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Microbiological hazards of household toilets: droplet production and the fate of residual organisms.
Appl Microbiol 1975; 30(2):229-37AM

Abstract

Large numbers of bacteria and viruses when seeded into household toilets were shown to remain in the bowl after flushing, and even continual flushing could not remove a persistent fraction. This was found to be due to the adsorption of the organsims to the porcelain surfaces of the bowl, with gradual elution occuring after each flush. Droplets produced by flushing toilets were found to harbor both bacteria and viruses which had been seeded. The detection of bacteria and firuses falling out onto surfaces in bathrooms after flushing indicated that they remain airborne long enough to settle on surfaces throughout the bathroom. Thus, there is a possibility that a person may acquire an infection from an aerosol produced by a toilet.

Authors

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Pub Type(s)

Journal Article

Language

eng

PubMed ID

169732

Citation

Gerba, C P., et al. "Microbiological Hazards of Household Toilets: Droplet Production and the Fate of Residual Organisms." Applied Microbiology, vol. 30, no. 2, 1975, pp. 229-37.
Gerba CP, Wallis C, Melnick JL. Microbiological hazards of household toilets: droplet production and the fate of residual organisms. Appl Microbiol. 1975;30(2):229-37.
Gerba, C. P., Wallis, C., & Melnick, J. L. (1975). Microbiological hazards of household toilets: droplet production and the fate of residual organisms. Applied Microbiology, 30(2), pp. 229-37.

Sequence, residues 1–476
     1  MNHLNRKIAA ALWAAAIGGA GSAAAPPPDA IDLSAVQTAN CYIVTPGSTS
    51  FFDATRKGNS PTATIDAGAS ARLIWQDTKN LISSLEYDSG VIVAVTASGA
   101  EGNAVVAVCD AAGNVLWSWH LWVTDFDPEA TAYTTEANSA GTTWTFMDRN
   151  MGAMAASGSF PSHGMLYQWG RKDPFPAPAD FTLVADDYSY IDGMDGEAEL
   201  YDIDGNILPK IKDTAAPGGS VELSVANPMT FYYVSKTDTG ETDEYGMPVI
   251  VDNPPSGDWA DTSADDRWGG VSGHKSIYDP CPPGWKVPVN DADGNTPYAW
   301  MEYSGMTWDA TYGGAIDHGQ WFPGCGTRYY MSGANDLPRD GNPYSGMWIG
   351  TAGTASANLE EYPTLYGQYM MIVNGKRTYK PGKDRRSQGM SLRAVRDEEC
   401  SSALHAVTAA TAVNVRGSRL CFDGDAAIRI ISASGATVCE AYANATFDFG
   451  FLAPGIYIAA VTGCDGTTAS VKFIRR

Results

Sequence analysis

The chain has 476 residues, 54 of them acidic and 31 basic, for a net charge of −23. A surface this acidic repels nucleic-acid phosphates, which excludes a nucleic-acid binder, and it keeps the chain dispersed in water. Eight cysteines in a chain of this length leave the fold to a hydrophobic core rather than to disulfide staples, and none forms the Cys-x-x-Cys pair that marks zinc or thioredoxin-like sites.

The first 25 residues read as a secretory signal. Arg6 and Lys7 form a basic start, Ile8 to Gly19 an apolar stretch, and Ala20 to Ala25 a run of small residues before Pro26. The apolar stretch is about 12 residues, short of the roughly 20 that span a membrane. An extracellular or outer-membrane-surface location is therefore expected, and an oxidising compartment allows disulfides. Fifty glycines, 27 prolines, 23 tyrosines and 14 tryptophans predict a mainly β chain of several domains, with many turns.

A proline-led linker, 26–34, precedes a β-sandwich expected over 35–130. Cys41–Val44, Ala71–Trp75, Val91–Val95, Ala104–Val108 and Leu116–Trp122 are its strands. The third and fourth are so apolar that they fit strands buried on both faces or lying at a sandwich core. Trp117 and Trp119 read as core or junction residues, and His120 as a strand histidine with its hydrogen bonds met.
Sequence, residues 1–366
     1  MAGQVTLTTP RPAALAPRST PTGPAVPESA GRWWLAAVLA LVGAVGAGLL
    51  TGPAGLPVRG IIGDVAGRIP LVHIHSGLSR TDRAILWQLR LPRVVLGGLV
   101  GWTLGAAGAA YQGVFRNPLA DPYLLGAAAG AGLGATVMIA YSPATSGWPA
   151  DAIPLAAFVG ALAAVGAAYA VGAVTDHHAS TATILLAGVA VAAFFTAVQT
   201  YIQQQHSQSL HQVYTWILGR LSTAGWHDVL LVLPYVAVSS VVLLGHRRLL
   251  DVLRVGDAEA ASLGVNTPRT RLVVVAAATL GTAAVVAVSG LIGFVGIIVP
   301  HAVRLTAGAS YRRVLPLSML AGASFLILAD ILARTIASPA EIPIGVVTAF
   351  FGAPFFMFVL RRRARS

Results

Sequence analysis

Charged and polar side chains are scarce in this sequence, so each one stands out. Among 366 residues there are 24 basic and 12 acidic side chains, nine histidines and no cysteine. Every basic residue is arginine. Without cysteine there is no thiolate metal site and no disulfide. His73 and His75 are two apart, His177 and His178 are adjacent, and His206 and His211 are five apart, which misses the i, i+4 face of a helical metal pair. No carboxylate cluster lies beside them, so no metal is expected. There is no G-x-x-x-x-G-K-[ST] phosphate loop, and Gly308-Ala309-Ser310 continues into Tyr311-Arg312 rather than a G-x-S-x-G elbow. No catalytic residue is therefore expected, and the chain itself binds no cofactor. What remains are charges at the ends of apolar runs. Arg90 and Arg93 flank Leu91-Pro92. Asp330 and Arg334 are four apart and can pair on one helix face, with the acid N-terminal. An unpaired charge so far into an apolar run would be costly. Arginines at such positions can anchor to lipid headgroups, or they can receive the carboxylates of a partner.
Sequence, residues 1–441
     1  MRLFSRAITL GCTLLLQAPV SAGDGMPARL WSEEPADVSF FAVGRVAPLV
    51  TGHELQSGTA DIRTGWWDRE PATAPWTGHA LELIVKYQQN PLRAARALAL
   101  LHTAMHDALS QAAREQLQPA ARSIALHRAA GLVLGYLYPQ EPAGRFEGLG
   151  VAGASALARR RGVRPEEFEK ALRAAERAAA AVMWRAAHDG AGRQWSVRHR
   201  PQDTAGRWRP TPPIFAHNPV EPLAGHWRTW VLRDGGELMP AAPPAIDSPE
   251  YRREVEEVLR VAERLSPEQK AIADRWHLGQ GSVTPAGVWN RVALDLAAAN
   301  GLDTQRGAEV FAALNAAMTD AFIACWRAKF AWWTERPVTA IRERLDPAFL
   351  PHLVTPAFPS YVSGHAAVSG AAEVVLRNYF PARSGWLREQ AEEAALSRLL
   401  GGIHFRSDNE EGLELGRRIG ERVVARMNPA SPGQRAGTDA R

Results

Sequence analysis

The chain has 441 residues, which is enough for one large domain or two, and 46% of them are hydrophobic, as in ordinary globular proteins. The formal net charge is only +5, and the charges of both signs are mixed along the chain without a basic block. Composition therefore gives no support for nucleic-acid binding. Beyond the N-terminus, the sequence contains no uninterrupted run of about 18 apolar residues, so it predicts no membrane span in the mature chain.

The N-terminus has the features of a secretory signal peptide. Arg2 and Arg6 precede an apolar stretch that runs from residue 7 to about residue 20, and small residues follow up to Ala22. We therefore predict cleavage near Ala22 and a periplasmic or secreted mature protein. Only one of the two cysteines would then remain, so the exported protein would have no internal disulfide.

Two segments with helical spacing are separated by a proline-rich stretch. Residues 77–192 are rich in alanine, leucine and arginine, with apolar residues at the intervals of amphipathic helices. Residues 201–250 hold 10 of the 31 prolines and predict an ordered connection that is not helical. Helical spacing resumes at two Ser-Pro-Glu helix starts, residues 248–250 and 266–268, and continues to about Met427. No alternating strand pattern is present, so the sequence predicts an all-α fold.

Gerba CP, Wallis C, Melnick JL. Microbiological Hazards of Household Toilets: Droplet Production and the Fate of Residual Organisms. Appl Microbiol. 1975;30(2):229-37. PubMed PMID: 169732.
* Article titles in AMA citation format should be in sentence-case
TY - JOUR T1 - Microbiological hazards of household toilets: droplet production and the fate of residual organisms. AU - Gerba,C P, AU - Wallis,C, AU - Melnick,J L, PY - 1975/8/1/pubmed PY - 1975/8/1/medline PY - 1975/8/1/entrez SP - 229 EP - 37 JF - Applied microbiology JO - Appl Microbiol VL - 30 IS - 2 N2 - Large numbers of bacteria and viruses when seeded into household toilets were shown to remain in the bowl after flushing, and even continual flushing could not remove a persistent fraction. This was found to be due to the adsorption of the organsims to the porcelain surfaces of the bowl, with gradual elution occuring after each flush. Droplets produced by flushing toilets were found to harbor both bacteria and viruses which had been seeded. The detection of bacteria and firuses falling out onto surfaces in bathrooms after flushing indicated that they remain airborne long enough to settle on surfaces throughout the bathroom. Thus, there is a possibility that a person may acquire an infection from an aerosol produced by a toilet. SN - 0003-6919 UR - https://www.unboundmedicine.com/medline/citation/169732/Microbiological_hazards_of_household_toilets:_droplet_production_and_the_fate_of_residual_organisms_ L2 - http://aem.asm.org/cgi/pmidlookup?view=long&pmid=169732 DB - PRIME DP - Unbound Medicine ER -